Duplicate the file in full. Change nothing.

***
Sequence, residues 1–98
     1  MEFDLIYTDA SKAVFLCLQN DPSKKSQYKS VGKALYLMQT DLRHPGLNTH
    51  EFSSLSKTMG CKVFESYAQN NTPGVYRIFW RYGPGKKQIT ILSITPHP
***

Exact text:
Sequence, residues 1–98
     1  MEFDLIYTDA SKAVFLCLQN DPSKKSQYKS VGKALYLMQT DLRHPGLNTH
    51  EFSSLSKTMG CKVFESYAQN NTPGVYRIFW RYGPGKKQIT ILSITPHP